Another good tactic is to use cover crops when beds are not in use. Nitrogen-fixing crops, like clover, are great to introduce more natural nitrogen to the soil profile, which will feed future crops in the bed.
Last, but not least, is getting your soil tested and finding out what nutrients are missing and if it needs any balancing in terms of its PH level. Adding organic amendments to your natural soil will make it even better, especially when your soil is deficient in something that crops need to thrive.
#5 – Block Weeds With The Right Materials
I’ve seen a lot of organic gardeners put plastic down as a weed block. They think that this material is the better choice over weed killers since plastic doesn’t leach into the soil as weed killers do.
Unfortunately, this is completely false. Plastic readily leaches into the soil and even finds its way into plants and into your fruits and vegetables that are produced (source)!
Microplastics are found in a variety of fruits and vegetables, which is why it’s so important to avoid using plastic in your organic garden as much as possible. That means avoiding plastic planters and plastic weed blockers.
Instead, you should go with a natural weed block, like recycled paper. Paper readily breaks down into compost over time, but easily lasts a growing season when used as a traditional weed barrier. Simply get a roll of recycled paper, like packing paper, and roll it the length of your planting bed. Just like a weed barrier, you can pop holes in the paper where you want to place your crops and cover it lightly with soil or compost.
I use this method and will never use another method of blocking weeds. It works and is great for your soil!
#6 – Water Correctly
A lot of diseases and pest pressure can be caused by improper watering conditions. You don’t want your soil to be soaked all the time as it invites the growth of bacteria and mold. You also don’t want your vegetation to be soaked all the time for the same reasons.
That’s why it’s best to water at ground level instead of overhead. While foliar feeding has its place, it shouldn’t be the main way you irrigate your garden. Instead, installing a drip system is simple and effective.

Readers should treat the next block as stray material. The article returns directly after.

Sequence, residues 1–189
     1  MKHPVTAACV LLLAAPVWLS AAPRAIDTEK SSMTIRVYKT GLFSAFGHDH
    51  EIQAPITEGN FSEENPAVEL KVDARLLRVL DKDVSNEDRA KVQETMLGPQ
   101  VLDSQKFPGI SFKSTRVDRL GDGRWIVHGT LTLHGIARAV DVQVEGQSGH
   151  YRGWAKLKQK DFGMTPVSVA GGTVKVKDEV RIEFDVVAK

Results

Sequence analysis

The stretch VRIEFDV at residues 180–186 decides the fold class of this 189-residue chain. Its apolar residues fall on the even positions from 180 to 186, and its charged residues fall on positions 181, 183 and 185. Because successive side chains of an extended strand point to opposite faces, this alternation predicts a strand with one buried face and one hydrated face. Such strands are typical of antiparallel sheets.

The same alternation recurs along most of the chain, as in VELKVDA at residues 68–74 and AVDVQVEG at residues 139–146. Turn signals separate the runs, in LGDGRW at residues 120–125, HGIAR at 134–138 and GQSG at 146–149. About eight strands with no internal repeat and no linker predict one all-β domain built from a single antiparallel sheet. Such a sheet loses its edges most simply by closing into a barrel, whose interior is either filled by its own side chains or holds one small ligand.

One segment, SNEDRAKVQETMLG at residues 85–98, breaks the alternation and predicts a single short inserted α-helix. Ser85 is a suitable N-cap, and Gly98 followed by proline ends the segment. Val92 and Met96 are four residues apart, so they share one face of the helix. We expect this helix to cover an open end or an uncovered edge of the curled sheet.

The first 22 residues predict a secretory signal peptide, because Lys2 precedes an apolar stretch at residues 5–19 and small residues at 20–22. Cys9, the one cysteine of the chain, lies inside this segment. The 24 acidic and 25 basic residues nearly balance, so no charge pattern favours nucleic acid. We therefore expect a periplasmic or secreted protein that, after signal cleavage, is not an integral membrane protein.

Avoiding watering in the heat of the day. Instead, opt for early morning or early evening.
While it would make life easier, not every plant in your garden will want or need, the same amount of water. Differences in water uptake between crop varieties, soil drainage and texture, and other factors come into play when finding the watering needs of a specific plant.
That’s why it’s best to plant all of the same varieties together in one bed on one drip system. That way, each bed can be watered differently when needed.
#7 – Use High-Quality Organic Nutrients
It’s easy to just utilize compost and think your garden is good to go. But, if you are looking for maximum production, you might need to invest in some organic fertilizers as well. Things like compost tea, manure tea, and pre-made organic fertilizers are great to boost yields and will even feed your soil at the same time.
Of all the organic gardening tips, this one is still skipped over by even the most experienced growers. Fertilizers work well when compost is spent and crops are large. Getting high-quality nutrients to large crops that have been growing for months in the same soil is imperative to a productive season.
There are a ton of different options when it comes to organic fertilizers, so I won’t go into detail about which to pick. However, I will put out an article on the topic in the future.
Want More Organic Gardening Tips?
These 7 tips will take your organic garden a long way. These are the most important things to focus on, and you may not need much more for great production and healthy soil.
But, everyone has a different gardening situation, so other tips may be useful. Do you know of any? Let me know with a comment below. Also, don’t forget to share this with your friends and family so they can reap the benefits of organic gardening as well!
My name is Milo Martinovich. I’m just a normal guy trying to evolve to a better lifestyle, one step at a time. Focusing on fitness, physical and mental health, self-sufficiency, minimalism, and being Eco-Conscious are how I plan to evolve. Want to make changes with me?